Juneteenth’s origins and how its lived now show how vital it is to the American future

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HARLEM, Manhattan — Juneteenth this year comes in the midst of weeks of protests for equal justice for black people, as well as a pandemic that’s had an outsize effect on communities of color.

Those facts, as well as the holiday’s origins, are reminders that Juneteenth serves as a bridge from the past, to the present, and the future, according to an historian and the co-founder of one of the region’s largest Juneteenth events.

Jamal Joseph, a Columbia University professor, said that Juneteenth is an event that embodies truths about American history.

“It’s a day that should, for black folks, make [us] remember that we remember,” Joseph told PIX11 News, in an interview, “and for white folks, to remember that they forgot.”

The Academy Award-nominated film program professor and cultural historian talked about the nature of the holiday’s origins.

On January 1, 1863, President Abraham Lincoln put the Emancipation Proclamation into effect, officially ending slavery in the United States. It wasn’t until June 19, 1865, when a Union Army General entered Galveston, Texas, with news of the proclamation, that enslaved people there learned they were free. It was the birth of Juneteenth.

“Yes, it was a celebration,” Joseph said, “but remember that they had lied to us.”

“It was the legal end of slavery,” Joseph continued, but also “the beginning of a struggle that continues to this day. People still had to work on those plantations.And when the plantation system began to devolve, there were chain gangs, and when the chain gangs began to devolve, there were the prisons — all of them using enslaved black labor.”

Joseph said that the current protests strike a blow against racism and white supremacy that run through American history today.

On Friday, there were dozens of protests and other events for Juneteenth, throughout New York City.

On Saturday, Harlem will host a large Juneteenth march. It’s guaranteed to be large because it’s usually the city’s largest Juneteenth parade.

Cordell Cleare, along with Imam Izak-EL Mu’eed Pasha of the historic Malcolm Shabazz Mosque, have organized the event for 27 years.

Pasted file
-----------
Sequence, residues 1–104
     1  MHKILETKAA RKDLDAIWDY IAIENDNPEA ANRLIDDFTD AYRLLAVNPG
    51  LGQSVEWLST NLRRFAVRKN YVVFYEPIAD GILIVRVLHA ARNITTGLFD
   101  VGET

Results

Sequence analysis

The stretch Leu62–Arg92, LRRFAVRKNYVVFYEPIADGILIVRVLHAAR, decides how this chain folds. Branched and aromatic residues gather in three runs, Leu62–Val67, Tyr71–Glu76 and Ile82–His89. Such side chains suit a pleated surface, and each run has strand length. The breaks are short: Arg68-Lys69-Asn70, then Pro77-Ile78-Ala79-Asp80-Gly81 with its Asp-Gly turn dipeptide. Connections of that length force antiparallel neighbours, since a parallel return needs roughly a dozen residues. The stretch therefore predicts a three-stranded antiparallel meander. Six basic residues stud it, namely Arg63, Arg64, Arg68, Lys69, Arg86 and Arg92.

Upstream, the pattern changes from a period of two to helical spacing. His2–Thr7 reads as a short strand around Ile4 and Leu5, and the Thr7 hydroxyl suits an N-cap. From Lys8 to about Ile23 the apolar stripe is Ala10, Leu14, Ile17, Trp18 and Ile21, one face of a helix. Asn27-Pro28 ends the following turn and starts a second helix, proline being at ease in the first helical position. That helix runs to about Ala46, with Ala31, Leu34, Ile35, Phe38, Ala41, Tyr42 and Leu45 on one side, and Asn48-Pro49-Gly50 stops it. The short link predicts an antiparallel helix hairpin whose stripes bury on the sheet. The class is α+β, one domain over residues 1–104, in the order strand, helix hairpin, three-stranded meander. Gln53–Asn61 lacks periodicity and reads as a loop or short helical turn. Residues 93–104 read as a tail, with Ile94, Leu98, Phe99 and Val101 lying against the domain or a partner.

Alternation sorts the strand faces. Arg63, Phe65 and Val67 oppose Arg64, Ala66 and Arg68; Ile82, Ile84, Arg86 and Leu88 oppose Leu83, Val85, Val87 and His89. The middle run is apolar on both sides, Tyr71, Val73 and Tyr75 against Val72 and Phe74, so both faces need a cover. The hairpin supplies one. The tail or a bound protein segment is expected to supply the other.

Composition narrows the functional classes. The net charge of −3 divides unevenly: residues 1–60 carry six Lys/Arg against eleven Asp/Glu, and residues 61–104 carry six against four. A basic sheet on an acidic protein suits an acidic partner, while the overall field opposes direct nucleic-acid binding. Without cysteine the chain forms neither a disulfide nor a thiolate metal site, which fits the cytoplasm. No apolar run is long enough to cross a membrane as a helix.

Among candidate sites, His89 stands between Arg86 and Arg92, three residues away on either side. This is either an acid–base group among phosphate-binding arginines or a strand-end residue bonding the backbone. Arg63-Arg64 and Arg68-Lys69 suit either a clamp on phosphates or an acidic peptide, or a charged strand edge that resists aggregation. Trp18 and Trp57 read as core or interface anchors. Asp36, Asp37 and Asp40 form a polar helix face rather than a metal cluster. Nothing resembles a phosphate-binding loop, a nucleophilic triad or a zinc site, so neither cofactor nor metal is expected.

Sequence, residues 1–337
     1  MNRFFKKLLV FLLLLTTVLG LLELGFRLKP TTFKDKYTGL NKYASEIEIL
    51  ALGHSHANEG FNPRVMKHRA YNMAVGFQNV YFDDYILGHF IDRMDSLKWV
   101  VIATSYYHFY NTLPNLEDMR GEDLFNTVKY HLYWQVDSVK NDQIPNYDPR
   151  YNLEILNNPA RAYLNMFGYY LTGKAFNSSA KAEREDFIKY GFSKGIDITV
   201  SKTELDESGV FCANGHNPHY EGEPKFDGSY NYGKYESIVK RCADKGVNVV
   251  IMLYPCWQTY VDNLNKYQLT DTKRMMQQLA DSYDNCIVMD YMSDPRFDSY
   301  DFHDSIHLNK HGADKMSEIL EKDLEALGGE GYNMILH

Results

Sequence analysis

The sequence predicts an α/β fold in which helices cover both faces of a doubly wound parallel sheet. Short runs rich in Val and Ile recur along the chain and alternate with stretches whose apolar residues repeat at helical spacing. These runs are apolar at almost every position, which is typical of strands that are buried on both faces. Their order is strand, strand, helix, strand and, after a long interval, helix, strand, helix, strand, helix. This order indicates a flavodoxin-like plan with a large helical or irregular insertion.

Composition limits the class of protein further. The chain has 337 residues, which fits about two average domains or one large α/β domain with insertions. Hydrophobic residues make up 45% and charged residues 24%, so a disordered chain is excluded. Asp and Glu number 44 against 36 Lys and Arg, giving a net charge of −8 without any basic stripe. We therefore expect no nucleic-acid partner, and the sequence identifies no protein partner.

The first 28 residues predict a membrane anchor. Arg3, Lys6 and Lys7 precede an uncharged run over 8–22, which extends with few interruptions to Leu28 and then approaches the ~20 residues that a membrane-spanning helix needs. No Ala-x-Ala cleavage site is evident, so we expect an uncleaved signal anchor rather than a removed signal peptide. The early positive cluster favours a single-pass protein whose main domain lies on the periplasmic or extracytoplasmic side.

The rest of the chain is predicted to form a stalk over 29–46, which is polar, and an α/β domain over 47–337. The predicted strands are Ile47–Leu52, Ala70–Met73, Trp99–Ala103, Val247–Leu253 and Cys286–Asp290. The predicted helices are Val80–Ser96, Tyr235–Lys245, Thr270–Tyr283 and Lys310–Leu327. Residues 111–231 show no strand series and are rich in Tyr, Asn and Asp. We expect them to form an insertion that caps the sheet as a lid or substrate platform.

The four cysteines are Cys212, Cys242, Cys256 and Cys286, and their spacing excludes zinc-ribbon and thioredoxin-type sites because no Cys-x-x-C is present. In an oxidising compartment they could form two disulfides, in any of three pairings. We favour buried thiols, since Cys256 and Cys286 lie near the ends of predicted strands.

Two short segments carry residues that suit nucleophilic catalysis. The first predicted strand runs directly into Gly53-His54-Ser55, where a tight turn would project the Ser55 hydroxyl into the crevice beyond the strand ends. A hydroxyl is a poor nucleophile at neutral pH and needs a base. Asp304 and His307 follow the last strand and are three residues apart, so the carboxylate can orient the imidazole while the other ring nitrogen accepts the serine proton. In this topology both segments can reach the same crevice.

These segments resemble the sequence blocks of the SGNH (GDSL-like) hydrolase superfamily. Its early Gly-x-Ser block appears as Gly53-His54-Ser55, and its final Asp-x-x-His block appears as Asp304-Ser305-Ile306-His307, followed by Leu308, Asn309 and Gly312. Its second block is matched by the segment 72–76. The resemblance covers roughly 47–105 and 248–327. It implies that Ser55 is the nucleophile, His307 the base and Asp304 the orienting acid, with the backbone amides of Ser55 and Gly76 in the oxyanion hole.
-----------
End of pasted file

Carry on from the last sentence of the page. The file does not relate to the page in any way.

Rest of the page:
“Unfortunately this year,” Cleare said, “we won’t be able to have a parade, because they’re not issuing permits for social gatherings. But,” she continued, “we are going to march.”

“Juneteenth is an important holiday, not just for black Americans,” Cleare said, ‘not just for black Americans, [but] for all American. Black history is American history, and we have to know the beginnings to know where we’re going.”

Nicolette Julien-Perkins, and her sister, Shavonne Julien-Huang, spoke with PIX11 News as they looked at a poster advertising Saturday’s event in Harlem.

“I’m glad that they’re finally making it worldwide known,” Julien-Perkins said.

It was language used, in part, by President Donald Trump earlier this week.

In an interview with the Wall Street Journal, the president said that he “made Juneteenth famous,” by planning his first new campaign rally on Juneteenth, in Tulsa, Oklahoma, scene of one of the most brutal massacres of African Americans in history, in the Greenwood neighborhood, in 1921.

The president postponed the rally to Saturday, June 20th.

Joseph, the historian and filmmaker, said that the Greenwood-Tulsa tragedy, as well as the statements like the president’s, show that there’s still a long way to go.

“We need to recognize that as we’re looking at the end of aspects of our oppression,” Joseph said, “this has to be the birth and the celebration not only that we have more freedoms, but that we have to continue to fight, and that we have to continue the fight, but do that in a celebratory way.”

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